Answers to some commonly asked questions.

  • Do you take money from drug companies or doctors?

    There’s a lot of buzz out there about influencers not disclosing that they’re taking money from big pharma or brands. This is absolutely not the No Granola model. We are not sponsored by pharmaceutical companies and we do not promote/endorse specific doctors in exchange for payment.

  • So how do you make money?

    Content and product testing. We will always disclose anything paid for by a partner as “sponsored” or “gifted” across our website, email, or social media. Sponsored content is what allows us to keep things free and accessible. Sometimes our reviews may actually be unpaid and arise from our own curiosity to test something out.

  • Why do you need to make money?

    Because we need to operate! We serve a triple bottom line: people, profit, planet. People = investing in our contributors, editors, photographers, designers, etc. who are often also fellow chronic condition fighters. Profit = being able to sustain and grow our platform to help as many people as we can. Planet = leveraging our advocacy to give back to healthcare awareness causes.

  • Is this site just for women? Or just for women with endometriosis?

    Nope! The story begins through our founder, Maya, and her healthcare journey. But advocating for yourself and trying to find strategies to cope with chronic conditions is a universal topic, and we aim to represent different voices and conditions. Why not join our quest for better health and share what you’ve learned in service to others?

  • Do you work with people who have chronic conditions?

    Absolutely! We aim to empower our contributors to spread their healthcare journeys and advocate for their own conditions, as well as talk about the universal nature of dealing with chronic conditions.

    We also aim to provide freelance employment opportunities to writers, editors, designers etc. We know first hand what it’s like to work freelance while shouldering chronic disease. Drop us a line.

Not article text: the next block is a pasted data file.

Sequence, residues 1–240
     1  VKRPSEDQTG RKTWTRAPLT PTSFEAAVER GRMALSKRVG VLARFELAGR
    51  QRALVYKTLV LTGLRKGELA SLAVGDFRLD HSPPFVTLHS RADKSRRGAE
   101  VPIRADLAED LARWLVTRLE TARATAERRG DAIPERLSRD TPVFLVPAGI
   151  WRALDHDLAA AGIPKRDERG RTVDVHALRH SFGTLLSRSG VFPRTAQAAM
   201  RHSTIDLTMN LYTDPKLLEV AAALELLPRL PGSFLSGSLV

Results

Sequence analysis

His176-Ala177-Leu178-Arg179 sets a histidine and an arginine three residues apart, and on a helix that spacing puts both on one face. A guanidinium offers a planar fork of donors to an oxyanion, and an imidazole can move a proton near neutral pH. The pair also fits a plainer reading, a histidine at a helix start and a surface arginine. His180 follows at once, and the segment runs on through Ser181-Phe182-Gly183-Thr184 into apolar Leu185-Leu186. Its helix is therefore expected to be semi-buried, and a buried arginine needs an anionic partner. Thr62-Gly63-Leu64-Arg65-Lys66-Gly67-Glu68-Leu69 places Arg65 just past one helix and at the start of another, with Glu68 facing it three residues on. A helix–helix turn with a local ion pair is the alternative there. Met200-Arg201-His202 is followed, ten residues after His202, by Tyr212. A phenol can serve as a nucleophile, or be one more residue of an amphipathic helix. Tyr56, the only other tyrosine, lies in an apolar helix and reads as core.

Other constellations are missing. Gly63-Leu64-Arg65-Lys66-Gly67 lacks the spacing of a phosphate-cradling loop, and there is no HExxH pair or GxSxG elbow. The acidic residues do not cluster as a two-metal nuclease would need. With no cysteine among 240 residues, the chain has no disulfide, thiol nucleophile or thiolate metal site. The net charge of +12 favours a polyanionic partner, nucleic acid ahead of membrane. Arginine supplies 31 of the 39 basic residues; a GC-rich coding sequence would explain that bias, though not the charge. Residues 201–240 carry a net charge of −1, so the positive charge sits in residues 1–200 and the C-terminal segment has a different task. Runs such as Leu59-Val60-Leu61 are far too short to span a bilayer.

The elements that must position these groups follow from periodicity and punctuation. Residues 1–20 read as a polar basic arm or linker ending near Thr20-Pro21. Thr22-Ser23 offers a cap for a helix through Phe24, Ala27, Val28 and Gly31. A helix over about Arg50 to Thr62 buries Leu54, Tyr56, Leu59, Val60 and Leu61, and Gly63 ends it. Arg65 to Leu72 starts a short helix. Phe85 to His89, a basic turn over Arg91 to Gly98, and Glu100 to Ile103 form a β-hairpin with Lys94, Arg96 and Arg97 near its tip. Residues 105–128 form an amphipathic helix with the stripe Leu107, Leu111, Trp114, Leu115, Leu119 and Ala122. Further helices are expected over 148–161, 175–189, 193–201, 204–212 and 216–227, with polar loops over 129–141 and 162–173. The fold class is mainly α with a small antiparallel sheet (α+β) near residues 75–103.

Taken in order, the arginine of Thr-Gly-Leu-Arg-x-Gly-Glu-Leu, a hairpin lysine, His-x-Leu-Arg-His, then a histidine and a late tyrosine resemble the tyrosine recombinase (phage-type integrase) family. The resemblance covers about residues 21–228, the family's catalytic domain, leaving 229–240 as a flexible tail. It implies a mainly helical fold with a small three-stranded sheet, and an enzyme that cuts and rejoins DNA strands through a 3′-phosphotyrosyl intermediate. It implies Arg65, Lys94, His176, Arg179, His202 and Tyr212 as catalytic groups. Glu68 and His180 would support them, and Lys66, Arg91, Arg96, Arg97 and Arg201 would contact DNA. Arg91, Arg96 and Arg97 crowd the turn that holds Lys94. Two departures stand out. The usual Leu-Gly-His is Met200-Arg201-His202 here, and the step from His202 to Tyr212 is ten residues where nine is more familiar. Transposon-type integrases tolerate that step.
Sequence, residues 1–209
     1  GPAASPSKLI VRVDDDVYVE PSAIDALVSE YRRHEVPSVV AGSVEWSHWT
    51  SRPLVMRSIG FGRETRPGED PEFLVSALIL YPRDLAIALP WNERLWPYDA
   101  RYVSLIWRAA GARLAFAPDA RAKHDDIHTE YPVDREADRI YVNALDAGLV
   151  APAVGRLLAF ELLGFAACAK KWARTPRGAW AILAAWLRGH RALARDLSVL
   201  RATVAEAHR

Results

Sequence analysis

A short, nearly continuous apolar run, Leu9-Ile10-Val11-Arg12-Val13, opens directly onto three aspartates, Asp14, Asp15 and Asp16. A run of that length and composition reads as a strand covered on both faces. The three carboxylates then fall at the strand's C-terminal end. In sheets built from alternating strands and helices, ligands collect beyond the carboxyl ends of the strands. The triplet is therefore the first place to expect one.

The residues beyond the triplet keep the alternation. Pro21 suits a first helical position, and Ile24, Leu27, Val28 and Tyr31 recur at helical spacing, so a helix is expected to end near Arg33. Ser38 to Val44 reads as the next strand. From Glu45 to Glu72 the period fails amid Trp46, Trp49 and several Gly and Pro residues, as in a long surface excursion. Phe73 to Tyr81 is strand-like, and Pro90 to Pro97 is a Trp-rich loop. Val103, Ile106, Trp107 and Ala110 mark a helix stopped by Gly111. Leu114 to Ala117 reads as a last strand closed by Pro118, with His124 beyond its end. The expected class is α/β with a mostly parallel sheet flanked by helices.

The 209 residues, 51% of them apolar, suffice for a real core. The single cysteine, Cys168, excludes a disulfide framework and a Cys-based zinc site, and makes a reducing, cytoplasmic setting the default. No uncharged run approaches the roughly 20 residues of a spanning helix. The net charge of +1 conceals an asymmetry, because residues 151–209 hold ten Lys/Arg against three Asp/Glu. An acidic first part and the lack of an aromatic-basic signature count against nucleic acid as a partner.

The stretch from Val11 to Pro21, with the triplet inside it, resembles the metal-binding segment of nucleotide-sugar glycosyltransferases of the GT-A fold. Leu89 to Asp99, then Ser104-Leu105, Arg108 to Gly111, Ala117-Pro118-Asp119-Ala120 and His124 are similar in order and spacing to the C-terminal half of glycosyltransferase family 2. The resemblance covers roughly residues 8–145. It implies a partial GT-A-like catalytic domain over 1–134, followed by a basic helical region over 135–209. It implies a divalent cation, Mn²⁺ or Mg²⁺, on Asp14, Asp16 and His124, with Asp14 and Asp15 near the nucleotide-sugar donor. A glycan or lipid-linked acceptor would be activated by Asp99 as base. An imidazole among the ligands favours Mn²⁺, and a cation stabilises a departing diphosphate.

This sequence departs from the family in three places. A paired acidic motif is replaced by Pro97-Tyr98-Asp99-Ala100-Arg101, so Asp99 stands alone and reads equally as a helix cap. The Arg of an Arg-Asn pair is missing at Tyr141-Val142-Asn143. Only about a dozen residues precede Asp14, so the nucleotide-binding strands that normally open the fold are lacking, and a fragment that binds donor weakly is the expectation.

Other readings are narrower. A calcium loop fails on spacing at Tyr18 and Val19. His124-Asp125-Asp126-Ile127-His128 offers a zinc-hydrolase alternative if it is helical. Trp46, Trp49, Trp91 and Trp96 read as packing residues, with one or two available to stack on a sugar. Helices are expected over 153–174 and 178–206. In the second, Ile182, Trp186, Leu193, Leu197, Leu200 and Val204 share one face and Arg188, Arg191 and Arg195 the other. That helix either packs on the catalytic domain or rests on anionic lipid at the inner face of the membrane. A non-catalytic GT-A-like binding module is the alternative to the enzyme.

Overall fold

• What if I disagree with an article?

    That’s fine. Healthcare is a highly charged, personal subject. And each person’s experience (whether they’re a patient, practitioner, or partner) is going to be totally unique to them. We’re not here to please everyone or preach a “silver bullet” – that’s impossible. We just ask that you be respectful. Better yet, pitch us on a post you can write about your personal experience.

  • How can I write for No Granola?

    A submission form and guidelines are coming soon. In the meantime, submit a contact form and we can chat about what you’d like to contribute. Our editorial focus is on telling stories of resilience and thriving. Pain is real; suffering is optional.

  • What if I want to contribute but need to use a pseudonym?

    We totally get it and respect your situation. Not everyone is out about their conditions, and we understand the stigma and sensitivity you may feel. We can use pseudonyms for patient journey stories that require anonymity. However, our professional practitioners are generally expected to use their names, clinics, and photos.

  • Why do you have so many practitioner contributors who are not medical doctors?

    In the quest for the best health possible, Maya tried just about everything available to her to find relief. You can read more about that journey here. Part of what worked for her was a holistic healthcare approach that included different modalities – alternative ones in addition to working with doctors trained in Western medicine. The variety of practitioners and their areas of expertise is meant to help give different strategies and ideas. We welcome medical doctors and practitioners who want to roll up their sleeves and help us reimagine healthcare experiences and patient advocacy.

  • I feel like I’m going through something similar, can I talk to you?

    Maya is available for booking through the Meditation page or via Contact form. Please submit questions for our contributors via email so we can help get them answered in future articles or via social media. Our content is not a substitute for medical advice or attention